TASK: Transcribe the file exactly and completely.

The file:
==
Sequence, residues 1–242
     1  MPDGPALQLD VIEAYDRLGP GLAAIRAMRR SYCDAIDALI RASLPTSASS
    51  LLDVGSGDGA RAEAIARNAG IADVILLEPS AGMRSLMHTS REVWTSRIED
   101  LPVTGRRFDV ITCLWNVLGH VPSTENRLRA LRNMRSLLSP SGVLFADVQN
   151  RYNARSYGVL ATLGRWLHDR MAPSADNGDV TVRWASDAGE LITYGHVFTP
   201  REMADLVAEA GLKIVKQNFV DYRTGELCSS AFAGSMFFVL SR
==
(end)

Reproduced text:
Sequence, residues 1–242
     1  MPDGPALQLD VIEAYDRLGP GLAAIRAMRR SYCDAIDALI RASLPTSASS
    51  LLDVGSGDGA RAEAIARNAG IADVILLEPS AGMRSLMHTS REVWTSRIED
   101  LPVTGRRFDV ITCLWNVLGH VPSTENRLRA LRNMRSLLSP SGVLFADVQN
   151  RYNARSYGVL ATLGRWLHDR MAPSADNGDV TVRWASDAGE LITYGHVFTP
   201  REMADLVAEA GLKIVKQNFV DYRTGELCSS AFAGSMFFVL SR